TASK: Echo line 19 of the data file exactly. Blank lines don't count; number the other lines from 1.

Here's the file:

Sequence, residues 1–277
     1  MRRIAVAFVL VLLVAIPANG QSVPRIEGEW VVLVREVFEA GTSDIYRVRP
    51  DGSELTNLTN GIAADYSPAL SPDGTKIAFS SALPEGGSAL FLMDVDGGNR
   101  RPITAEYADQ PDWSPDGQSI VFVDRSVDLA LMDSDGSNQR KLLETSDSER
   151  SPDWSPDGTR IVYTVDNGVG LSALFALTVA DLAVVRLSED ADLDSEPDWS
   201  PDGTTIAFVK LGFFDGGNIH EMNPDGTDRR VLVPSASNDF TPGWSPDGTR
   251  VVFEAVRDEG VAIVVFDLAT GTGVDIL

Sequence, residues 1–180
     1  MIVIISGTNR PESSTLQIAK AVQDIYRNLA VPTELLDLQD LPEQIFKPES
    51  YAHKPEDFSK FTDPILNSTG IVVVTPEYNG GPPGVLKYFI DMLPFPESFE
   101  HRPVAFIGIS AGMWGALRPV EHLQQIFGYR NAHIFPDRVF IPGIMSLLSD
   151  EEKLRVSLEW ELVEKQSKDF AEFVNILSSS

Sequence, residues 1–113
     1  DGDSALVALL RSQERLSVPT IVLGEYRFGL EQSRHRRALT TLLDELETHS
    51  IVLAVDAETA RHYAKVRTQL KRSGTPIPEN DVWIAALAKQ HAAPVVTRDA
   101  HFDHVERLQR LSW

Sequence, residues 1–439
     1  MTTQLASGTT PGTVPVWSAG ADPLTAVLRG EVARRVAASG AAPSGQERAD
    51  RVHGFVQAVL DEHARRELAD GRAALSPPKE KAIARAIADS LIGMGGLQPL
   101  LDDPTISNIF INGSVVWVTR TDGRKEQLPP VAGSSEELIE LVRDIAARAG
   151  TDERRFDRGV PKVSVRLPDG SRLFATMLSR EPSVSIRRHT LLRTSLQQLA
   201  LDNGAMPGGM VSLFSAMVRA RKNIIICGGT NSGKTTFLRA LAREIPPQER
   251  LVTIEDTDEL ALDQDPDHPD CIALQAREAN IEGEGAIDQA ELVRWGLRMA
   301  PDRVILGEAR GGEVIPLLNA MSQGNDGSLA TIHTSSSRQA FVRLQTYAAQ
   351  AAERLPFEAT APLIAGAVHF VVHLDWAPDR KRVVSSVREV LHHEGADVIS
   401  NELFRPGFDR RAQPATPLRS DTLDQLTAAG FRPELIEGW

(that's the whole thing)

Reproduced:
    51  RVHGFVQAVL DEHARRELAD GRAALSPPKE KAIARAIADS LIGMGGLQPL